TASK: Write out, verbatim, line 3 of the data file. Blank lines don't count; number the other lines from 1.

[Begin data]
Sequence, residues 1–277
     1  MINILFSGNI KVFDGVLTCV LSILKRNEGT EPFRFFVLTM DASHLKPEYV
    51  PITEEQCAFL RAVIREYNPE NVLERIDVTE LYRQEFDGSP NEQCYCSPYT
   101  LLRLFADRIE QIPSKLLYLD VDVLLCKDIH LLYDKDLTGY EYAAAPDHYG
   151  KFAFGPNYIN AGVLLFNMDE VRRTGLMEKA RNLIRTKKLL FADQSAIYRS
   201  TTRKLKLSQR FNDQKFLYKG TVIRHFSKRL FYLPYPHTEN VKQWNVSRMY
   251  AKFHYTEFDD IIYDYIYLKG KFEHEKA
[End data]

    51  PITEEQCAFL RAVIREYNPE NVLERIDVTE LYRQEFDGSP NEQCYCSPYT